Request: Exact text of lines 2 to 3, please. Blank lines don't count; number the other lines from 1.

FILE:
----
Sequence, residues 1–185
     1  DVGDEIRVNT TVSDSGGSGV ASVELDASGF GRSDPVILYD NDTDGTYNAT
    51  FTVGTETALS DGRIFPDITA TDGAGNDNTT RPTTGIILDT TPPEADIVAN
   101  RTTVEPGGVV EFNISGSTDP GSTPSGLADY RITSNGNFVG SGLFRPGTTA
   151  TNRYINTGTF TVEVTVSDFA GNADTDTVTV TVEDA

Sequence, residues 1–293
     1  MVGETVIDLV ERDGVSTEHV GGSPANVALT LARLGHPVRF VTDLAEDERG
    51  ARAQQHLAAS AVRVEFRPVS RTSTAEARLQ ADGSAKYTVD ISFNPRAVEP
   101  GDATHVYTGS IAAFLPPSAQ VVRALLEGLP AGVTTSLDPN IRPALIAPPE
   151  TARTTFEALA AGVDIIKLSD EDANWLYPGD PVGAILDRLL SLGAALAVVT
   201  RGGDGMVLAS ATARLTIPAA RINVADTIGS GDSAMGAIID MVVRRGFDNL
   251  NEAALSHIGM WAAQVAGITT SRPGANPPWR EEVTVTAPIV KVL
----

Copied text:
     1  DVGDEIRVNT TVSDSGGSGV ASVELDASGF GRSDPVILYD NDTDGTYNAT
    51  FTVGTETALS DGRIFPDITA TDGAGNDNTT RPTTGIILDT TPPEADIVAN